First pages

Growing up I loved the idea of a journal, a place where I could write down what was going on with me and where I was going. The kind of diary a ship captain or adventurer might have. I would buy a book and then sit down and write out what was going on, only to read it over later and come away profoundly disappointed.

This wasn’t how a journal was supposed to look. It didn’t feel the way I imagined it would. So I ripped out the page and then, maybe the next day, maybe a couple days later, I tried again. Maybe that one stuck. But the next day didn’t. Unlike a journal in a movie or a book, it didn’t have a consistency. I was one thing one day and another the next. It wasn’t a story, it wasn’t a collection of exciting (inciting?) incidents. It was just what happened to me. It was my life, I suppose, and it didn’t look right.

I have dozens of barely started notebooks in a box in the basement. The first few pages of notes from more than a hundred ideas. Some are stories, others are journal entries. I have mission statements, I have promises to myself. All of it revolving around the central idea that if I got this right, this beginning, and continued to get things right, then it (my life) would work out.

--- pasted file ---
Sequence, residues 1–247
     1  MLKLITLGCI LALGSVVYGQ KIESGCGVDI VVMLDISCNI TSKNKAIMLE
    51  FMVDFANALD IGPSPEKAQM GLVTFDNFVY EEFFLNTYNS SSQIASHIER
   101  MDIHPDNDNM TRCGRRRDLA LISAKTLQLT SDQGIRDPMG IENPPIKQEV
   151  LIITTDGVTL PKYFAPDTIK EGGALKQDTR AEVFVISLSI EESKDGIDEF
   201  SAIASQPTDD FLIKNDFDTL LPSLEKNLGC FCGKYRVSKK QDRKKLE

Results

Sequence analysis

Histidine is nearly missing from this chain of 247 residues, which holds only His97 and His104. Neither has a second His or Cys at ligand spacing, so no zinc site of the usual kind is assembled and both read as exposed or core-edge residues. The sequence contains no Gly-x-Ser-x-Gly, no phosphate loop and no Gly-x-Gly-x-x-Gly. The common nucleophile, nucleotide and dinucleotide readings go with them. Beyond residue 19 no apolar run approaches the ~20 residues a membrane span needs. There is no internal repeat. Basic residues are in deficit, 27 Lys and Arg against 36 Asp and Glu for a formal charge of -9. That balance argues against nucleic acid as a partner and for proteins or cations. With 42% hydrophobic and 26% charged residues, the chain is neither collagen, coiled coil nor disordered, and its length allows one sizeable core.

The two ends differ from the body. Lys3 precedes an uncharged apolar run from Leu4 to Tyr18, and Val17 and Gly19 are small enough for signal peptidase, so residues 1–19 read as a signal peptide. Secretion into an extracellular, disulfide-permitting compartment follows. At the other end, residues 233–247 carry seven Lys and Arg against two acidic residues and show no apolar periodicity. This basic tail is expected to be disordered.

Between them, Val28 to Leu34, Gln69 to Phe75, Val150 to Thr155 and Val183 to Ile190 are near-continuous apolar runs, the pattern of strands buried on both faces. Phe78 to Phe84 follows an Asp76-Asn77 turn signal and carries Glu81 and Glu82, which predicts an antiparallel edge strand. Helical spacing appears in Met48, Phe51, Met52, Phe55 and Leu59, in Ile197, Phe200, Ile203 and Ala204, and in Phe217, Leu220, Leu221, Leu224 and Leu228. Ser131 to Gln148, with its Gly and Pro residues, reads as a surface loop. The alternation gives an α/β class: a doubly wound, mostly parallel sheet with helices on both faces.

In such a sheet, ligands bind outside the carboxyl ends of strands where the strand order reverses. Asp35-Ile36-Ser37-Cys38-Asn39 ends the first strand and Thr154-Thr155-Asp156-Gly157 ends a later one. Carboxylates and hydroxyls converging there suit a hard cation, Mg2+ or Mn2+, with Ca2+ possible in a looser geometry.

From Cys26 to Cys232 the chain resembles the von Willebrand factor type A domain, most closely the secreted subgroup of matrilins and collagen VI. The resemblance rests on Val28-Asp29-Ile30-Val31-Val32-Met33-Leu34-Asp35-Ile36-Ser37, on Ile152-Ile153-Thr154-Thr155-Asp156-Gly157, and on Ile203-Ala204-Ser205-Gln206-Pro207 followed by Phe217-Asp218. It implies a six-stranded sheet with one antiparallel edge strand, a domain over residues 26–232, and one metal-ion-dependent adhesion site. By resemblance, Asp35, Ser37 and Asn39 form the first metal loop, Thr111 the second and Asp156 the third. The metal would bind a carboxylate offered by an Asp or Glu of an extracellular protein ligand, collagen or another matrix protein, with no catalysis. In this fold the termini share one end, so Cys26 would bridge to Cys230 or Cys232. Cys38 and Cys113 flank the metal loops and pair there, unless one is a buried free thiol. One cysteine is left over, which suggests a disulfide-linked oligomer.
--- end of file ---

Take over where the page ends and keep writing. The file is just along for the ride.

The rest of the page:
This is real definition of insanity type shit right here. Always expecting a different result.

A few months ago, I read (the audiobook version) of a book by Laurence Gonzales called Deep Survival. It’s a book about survivors, about the mental and physical commonalities that survivors of all different types of accidents share. I read the book at first out of sheer interest. I’m still tinkering away at the goblin book, and was thinking about learning more about what a person struggling to survive would act like. But the more I read, the more the book affected me. In the opening chapters I realized I would not be a good candidate for survival in a real wilderness situation. I’m a rule follower, and apparently they don’t fare too well outside of civilization. A few more chapters in I came away from the book in tears, because even though it was talking about the stages of being lost and how to get out of that state, I saw a metaphor for my own situation.

For years now I’ve been trying to get my shit together, professionally and personally. On the family front, with my wife and child, I’ve got that sewn up. I’m rock solid on the family side of things. But when it comes to my individual goals I’m in the same grey space I’ve been in for the last five years. All of this was drawn into glaring focus after a recent upset at work, but mostly it drove home that when it comes to personal accomplishments, I’m not happy and haven’t been happy for a long time and the only person who can fix that is me.

A week ago today, Ryan Davis, host and writer for the Giantbomb site died of natural causes in his sleep. He was 34 years old, a year older than I am now. I listen to the podcast every week and over the four or five years I’ve had Ryan talking in my ear for days if not weeks worth of content. I’ve come to know him and the rest of the crew through those weekly updates. They’ve made me laugh and they’ve given me a fun place to hang out on the internet. They pointed me to games that I wouldn’t have found otherwise.